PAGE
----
IMCD insight on protective products


Technical and Business Development Director for Personal Care at IMCD Danielle Wheeler, who was in the suncare industry prior to her current position, said non-SPF protective products are where most innovation is happening today because they are far less regulated.

Organic sunscreen, previously known as chemical sunscreen, absorbs UV radiation to protect the skin. Inorganic sunscreen, previously known as physical sunscreen, reflects UV radiation to protect the skin.

Across suncare, blue light and pollution protection, though, Wheeler said esthetically pleasing formulas are key to getting consumer engagement, whether it’s combating the white caste of inorganic sunscreen or making anti-pollution products comfortable on the skin.

“A lot of our supplier partners are launching new bioactives to address the effects of blue light or high energy visible light, not just SPF,” Wheeler said. “I see a lot of advancements in plant-derived ingredients combating those types of things.”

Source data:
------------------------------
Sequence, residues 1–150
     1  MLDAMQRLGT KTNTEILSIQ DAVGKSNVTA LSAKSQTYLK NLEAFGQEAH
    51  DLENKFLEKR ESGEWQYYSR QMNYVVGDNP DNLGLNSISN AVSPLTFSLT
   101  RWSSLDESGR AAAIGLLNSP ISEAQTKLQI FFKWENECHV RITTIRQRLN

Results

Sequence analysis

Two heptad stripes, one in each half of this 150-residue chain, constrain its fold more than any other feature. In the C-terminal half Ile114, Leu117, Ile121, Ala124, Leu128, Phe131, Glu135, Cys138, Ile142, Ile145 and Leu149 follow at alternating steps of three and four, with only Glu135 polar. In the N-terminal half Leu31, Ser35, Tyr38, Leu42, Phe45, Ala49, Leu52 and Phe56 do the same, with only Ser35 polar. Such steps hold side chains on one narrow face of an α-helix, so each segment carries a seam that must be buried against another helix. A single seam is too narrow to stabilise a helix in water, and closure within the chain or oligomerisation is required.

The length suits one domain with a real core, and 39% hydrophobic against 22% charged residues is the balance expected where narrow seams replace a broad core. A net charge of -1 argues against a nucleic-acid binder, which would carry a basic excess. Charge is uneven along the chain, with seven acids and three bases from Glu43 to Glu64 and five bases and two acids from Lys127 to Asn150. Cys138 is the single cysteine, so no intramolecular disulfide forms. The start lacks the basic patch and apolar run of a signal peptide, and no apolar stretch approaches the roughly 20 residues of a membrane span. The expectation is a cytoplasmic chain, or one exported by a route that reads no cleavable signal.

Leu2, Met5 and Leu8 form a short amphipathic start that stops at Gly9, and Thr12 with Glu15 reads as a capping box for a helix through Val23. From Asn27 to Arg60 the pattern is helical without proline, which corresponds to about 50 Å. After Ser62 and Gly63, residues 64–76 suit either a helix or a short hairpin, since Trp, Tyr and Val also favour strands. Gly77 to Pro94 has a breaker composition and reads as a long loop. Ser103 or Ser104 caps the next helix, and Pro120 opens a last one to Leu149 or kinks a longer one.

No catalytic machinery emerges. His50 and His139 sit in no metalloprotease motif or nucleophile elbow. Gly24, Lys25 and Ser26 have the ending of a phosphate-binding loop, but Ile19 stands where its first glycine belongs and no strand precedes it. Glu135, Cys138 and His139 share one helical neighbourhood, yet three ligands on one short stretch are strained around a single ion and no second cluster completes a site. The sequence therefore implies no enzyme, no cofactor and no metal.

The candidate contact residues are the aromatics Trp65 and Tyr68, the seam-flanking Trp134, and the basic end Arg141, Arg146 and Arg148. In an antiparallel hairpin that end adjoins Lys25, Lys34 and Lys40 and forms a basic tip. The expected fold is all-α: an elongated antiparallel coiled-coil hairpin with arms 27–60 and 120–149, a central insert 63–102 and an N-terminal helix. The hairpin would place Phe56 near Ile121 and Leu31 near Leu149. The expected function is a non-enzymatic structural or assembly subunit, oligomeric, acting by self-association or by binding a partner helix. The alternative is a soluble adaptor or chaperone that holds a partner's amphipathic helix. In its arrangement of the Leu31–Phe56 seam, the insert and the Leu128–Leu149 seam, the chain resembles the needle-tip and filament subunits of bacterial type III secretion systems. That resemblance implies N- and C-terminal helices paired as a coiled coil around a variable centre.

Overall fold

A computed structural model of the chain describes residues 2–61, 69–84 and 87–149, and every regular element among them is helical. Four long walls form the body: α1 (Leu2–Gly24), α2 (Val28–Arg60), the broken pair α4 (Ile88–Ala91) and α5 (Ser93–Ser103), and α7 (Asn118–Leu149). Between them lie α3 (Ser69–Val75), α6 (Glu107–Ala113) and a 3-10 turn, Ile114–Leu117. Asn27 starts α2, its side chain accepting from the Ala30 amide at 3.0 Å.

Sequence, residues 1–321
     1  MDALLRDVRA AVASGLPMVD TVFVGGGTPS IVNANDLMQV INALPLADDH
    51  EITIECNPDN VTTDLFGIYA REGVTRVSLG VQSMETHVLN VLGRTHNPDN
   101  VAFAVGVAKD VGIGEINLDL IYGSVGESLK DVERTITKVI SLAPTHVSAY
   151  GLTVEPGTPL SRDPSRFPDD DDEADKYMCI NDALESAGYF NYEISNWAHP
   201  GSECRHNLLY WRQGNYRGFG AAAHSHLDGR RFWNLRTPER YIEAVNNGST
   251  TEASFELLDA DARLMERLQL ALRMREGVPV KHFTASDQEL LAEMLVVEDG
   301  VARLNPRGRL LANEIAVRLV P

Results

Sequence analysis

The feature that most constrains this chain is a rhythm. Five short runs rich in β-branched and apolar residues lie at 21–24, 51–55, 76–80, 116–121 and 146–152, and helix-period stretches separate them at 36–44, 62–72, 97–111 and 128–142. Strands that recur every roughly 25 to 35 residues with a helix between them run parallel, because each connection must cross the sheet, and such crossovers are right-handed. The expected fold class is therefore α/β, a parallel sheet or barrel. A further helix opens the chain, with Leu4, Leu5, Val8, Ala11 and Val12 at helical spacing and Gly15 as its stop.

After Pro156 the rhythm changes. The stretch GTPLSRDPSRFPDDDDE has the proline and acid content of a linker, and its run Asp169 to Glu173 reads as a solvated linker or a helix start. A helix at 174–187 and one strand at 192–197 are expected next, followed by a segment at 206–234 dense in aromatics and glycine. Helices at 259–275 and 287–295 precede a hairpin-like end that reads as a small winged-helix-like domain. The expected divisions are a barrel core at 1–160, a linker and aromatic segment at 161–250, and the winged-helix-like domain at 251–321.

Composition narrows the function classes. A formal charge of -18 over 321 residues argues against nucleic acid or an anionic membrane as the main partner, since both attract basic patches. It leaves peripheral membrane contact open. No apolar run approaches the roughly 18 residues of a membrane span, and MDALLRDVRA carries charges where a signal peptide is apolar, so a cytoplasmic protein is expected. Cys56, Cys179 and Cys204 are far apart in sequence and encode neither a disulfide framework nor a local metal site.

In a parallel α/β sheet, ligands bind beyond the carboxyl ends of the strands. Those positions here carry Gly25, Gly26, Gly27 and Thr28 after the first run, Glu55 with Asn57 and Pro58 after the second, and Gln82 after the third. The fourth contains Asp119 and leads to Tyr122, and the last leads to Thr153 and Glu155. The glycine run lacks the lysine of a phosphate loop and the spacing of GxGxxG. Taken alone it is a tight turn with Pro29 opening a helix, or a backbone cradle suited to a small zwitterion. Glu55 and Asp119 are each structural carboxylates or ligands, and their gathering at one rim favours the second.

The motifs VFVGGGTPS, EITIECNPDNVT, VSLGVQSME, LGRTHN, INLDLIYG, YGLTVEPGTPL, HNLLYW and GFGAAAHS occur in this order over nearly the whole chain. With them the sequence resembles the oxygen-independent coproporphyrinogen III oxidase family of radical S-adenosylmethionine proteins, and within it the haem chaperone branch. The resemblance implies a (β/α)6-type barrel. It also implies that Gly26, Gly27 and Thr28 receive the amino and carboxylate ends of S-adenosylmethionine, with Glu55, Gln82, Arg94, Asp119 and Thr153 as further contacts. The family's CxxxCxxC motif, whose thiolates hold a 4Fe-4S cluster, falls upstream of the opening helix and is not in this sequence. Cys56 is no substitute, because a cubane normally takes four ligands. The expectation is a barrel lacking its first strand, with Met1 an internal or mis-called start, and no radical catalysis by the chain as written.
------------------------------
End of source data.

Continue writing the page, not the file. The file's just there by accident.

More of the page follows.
Room for SPF innovation is limited in the US

SPF is among the most FDA-regulated areas of cosmetics, and in the US there are fewer approved ingredients compared to other markets, Wheeler said.

“Anywhere outside of the US you have a huge playbox of ingredients,” Wheeler said. “That’s unfortunate for us in the US because I think it’s really limited us in the innovations we can do in SPF inorganic products. In the US we don’t keep up with the science with that.”

The limit on inorganic SPF ingredients is unfortunate considering Wheeler said interest in the products is increasing among their clients. 



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